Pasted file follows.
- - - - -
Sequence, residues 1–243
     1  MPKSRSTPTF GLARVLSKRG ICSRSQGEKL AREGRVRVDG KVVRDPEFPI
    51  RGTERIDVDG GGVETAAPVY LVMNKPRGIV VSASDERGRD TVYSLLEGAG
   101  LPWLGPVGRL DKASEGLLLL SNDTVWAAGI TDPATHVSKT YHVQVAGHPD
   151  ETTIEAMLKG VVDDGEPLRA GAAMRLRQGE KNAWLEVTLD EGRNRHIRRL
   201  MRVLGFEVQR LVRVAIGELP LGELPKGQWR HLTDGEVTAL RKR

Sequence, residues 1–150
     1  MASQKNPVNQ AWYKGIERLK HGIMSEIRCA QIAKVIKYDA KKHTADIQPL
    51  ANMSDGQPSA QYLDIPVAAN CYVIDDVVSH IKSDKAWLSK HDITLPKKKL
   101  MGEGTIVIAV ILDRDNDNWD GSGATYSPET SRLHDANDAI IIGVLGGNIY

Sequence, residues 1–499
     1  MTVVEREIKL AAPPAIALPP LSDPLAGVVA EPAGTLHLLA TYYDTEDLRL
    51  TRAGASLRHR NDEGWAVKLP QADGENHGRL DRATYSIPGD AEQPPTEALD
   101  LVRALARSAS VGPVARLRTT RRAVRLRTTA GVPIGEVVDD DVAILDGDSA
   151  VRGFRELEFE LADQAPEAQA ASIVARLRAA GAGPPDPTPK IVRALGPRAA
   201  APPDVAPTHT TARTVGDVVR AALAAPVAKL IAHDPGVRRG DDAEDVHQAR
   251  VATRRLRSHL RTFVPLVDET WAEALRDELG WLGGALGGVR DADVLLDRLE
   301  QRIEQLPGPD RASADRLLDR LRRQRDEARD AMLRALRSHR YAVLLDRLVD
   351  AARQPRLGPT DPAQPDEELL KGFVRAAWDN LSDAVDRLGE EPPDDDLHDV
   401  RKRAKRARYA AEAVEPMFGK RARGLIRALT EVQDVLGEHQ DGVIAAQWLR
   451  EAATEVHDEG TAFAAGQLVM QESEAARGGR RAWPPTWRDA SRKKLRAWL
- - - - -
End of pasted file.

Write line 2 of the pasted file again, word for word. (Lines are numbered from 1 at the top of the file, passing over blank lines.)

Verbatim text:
     1  MPKSRSTPTF GLARVLSKRG ICSRSQGEKL AREGRVRVDG KVVRDPEFPI